Zhang et al. [21] considered a similar problem in a game theoretical framework. In their model, drivers approaching the intersection behave either as cooperators (C) or defectors (D), allowing (or not) the cars arriving on the other street to pass. Furthermore, drivers always adopt complementary strategies, that is, if is C (D), then is D (C). Thus the dynamics at the intersection is deterministic, since all pairs are of C–D or D–C type, and cooperators will always let the defectors cross. Zhang et al. set the probability of cooperating between and (and the probability of defecting between and ). Since cooperators stop at the intersection, the street with the larger number of defectors exhibits an average velocity higher than the other one. However, the average total flow of both streets appears to be rather independent of the probability of cooperation.

We believe that the use of cooperating and defecting strategies is a fair approach for the description of the interaction of drivers at crossroads in many real situations. A true game description must take into account the full set of possible interacting strategies. That is, drivers arriving at the intersection may as well be both cooperators (C–C) or defectors (D–D). Since the authors of Ref. [21] penalize only cooperators, it is better to be a defector, and it results that a driver should not behave a priori in a cooperative way. It is precisely due to the relative payoffs of the complete set of interactions that the formal games of Hawks and Doves or Prisoner Dilemma gain their interest in the description of social systems.

In our model a driver has a strategy that determines his behavior at the intersection. These are set at random at the beginning of the simulation, with probability for cooperation and for defection. In order to avoid deterministic or synchronization artifacts arising from the periodic boundary conditions, when a car reaches the end of the lane and re-enters the street, drivers are reassigned new strategies, at random with the same probability . In this way, heterogeneity in drivers’ behavior is incorporated in the model.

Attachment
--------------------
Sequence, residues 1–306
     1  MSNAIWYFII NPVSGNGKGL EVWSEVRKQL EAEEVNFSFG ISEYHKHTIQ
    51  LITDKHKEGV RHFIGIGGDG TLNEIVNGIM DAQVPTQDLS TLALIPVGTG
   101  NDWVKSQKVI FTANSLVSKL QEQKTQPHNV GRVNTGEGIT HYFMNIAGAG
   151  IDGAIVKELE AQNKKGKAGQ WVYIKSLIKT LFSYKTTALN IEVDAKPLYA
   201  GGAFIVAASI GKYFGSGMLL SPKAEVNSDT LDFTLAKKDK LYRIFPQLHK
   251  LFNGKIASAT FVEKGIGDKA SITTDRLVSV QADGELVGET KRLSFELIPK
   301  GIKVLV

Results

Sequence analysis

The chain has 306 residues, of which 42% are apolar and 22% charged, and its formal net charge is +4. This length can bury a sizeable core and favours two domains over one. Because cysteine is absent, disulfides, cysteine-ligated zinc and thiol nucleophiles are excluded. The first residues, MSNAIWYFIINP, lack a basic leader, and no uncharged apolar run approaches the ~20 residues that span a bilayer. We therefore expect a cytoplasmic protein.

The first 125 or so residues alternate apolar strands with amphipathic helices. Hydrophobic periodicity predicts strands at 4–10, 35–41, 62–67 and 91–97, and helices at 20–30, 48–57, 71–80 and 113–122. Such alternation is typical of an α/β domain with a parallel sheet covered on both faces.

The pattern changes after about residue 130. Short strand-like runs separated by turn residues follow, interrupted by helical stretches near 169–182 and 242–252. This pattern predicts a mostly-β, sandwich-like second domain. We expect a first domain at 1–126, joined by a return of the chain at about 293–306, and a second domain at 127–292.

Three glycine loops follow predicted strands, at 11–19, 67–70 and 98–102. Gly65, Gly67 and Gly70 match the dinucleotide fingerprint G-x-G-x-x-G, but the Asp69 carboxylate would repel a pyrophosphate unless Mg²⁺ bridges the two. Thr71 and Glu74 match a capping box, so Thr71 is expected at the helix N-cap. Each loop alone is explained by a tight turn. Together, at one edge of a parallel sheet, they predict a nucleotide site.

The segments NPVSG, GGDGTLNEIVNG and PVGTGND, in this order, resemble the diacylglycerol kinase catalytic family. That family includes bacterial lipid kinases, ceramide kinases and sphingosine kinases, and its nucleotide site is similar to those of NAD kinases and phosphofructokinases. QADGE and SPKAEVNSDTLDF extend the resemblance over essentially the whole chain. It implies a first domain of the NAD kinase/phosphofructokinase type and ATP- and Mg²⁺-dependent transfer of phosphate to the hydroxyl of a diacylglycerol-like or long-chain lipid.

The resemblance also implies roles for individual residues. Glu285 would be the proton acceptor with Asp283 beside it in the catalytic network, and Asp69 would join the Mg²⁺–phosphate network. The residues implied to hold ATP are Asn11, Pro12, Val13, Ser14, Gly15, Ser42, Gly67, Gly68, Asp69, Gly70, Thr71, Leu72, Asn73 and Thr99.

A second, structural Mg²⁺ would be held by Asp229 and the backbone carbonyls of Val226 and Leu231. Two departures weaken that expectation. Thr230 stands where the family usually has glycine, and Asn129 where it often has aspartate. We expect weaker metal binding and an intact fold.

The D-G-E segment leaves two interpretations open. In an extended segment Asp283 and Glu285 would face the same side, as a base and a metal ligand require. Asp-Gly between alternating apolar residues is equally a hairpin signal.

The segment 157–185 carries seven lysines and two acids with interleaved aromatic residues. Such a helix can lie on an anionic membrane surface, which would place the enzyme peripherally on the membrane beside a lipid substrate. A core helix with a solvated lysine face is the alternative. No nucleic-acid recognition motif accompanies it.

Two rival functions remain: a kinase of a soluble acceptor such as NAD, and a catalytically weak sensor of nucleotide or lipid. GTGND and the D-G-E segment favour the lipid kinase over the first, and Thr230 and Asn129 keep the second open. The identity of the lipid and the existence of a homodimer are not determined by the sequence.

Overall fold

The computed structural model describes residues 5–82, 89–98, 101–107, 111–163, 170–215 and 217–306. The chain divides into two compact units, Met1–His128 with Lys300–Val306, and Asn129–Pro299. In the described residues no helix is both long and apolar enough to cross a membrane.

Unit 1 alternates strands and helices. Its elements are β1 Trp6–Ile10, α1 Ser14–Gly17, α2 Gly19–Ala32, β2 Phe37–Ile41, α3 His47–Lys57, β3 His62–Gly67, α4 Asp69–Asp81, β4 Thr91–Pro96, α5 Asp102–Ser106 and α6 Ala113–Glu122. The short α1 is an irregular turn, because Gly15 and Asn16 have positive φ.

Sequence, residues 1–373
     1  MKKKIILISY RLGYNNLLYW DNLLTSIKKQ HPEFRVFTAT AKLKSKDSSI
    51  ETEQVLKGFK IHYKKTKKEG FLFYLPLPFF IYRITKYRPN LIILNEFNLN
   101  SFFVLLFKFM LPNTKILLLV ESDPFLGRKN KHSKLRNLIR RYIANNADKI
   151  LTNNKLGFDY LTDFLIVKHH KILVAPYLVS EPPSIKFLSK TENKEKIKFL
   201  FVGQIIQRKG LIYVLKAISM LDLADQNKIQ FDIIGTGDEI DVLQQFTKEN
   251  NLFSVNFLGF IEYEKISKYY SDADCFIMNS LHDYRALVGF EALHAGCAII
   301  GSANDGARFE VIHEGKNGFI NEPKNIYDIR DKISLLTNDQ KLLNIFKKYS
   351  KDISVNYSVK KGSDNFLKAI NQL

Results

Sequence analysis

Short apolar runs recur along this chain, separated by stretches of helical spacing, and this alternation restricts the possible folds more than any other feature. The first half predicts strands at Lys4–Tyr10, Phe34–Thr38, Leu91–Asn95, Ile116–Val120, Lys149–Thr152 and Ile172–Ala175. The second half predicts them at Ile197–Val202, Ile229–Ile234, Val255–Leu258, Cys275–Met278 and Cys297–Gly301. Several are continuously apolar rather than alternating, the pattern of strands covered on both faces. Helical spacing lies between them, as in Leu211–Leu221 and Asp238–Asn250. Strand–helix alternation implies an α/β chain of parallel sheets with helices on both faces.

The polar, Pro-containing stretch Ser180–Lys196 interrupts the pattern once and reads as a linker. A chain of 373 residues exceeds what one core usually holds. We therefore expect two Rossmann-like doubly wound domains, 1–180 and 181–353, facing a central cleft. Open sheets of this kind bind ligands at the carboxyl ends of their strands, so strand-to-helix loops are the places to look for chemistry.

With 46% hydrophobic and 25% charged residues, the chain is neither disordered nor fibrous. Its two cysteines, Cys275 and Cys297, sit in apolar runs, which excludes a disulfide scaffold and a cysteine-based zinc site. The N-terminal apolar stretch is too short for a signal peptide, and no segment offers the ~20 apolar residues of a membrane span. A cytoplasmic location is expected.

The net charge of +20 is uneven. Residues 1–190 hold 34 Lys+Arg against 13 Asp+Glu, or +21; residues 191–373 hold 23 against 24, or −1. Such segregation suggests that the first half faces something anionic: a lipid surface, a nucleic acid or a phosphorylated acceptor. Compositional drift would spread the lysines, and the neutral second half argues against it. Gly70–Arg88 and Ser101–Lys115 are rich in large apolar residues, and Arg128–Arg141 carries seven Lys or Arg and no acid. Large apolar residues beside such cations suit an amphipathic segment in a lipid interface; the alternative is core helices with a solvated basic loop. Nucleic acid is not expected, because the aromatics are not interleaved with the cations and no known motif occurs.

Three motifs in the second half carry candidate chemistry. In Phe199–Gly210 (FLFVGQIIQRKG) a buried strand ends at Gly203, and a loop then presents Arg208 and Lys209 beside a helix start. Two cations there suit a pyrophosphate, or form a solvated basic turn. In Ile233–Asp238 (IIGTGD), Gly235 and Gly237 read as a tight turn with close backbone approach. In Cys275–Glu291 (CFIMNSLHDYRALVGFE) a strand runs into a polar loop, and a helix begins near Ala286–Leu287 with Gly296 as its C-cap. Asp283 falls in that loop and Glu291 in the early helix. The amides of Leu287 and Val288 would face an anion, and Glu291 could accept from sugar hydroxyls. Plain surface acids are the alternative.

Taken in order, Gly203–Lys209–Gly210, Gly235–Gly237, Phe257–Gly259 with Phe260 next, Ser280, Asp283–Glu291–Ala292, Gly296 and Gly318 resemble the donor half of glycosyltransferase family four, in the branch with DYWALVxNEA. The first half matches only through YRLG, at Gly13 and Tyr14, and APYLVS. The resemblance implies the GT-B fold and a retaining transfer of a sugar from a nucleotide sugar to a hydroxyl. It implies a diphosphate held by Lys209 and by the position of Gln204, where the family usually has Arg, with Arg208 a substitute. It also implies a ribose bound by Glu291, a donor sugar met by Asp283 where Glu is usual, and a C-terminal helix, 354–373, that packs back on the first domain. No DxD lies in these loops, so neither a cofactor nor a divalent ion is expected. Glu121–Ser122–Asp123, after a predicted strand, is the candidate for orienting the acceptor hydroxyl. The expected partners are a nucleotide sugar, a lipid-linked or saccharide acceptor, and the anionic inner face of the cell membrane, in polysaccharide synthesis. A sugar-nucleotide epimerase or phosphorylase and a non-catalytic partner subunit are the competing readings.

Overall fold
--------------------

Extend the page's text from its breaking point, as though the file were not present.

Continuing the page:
Let us specify the interaction at the crossroad in a way that imitates what happens in real situations. We impose a single traffic rule:

  • Rule 1: Drivers must always yield to cars approaching from the right.

Rule 1 is a widespread right-of-way traffic rule that applies for equivalent streets in the absence of control devices in almost all countries with a right-hand driving. If street runs from South to North, and street from East to West (see Fig. 1), the driver must respect the priority of and let him pass first. However, traffic rules are not always respected, and some drivers may try to cross disregarding the rule. This behavior may impact the traffic flow in different ways depending on the density of cars, and it is the phenomenon that we aim to study.

We define the following strategies:

  • Cooperate: abide by Rule 1.
  • Defect: ignore Rule 1.

The result of the interaction can be quantified in terms of a payoff (rather, a cost) as the time that it takes to cross the intersection. Cooperation results in a fluid flow, while interactions D–C, C–D or D–D produce delays in the crossing. In order to implement this we need to set up rules to define the gaps and velocities of cars and , in addition to those of the rest of the system. These are the following:

  1. Determination of the gaps:
    1. If () is cooperator: The gap is measured as the distance from the car to the intersection (cooperators slow down when approaching the intersection). (This rule applies only if the car is at a site strictly less than , otherwise it would give and it would stop.).
    2. If () is defector: measure the gap as usual, up to the car ahead.
    3. For either case: if there is a car at the intersection driving from the other street, measure the gap up to (neither C or D will crash intentionally).
  2. Determination of velocities:
    1. If is cooperator and is at site , it yields. If the velocity of is such that it will cross the intersection, sets its velocity to 0 (“stop at the intersection”). However, if the speed of is not large enough to cross at that step, sets its velocity according to the general rule and keeps advancing. Note that yields disregarding the strategy of .
    2. If is defector and is cooperator, both may try to cross at the same time (if their velocities are large enough to allow it in the current time step). In this case, the velocities are set up in such a way that cars advance only up to the intersection (not further, not before). This rule slightly favors the right hand driver (the cooperator) with respect to the left hand one (defector), by penalizing the defector (with a reduction of speed). However, neither car stops. This simulates an “almost crash”, where both drivers lose some time (the defector more than the cooperator). At the next time step they will accelerate if it is allowed by the traffic density.
    3. If and are defectors, both may try to cross at the same time (again: both speeds need to be large enough given their current positions). In this case neither car yields, and we penalize both of them with a crash. Cars are given velocities just enough to bring them to the intersection, and they are flagged to have their speeds set to 0 the next time step. So they will stay at one more time step, causing interruption of the traffic flow, which will pile up behind them. The next time step cars will accelerate if allowed by the traffic density.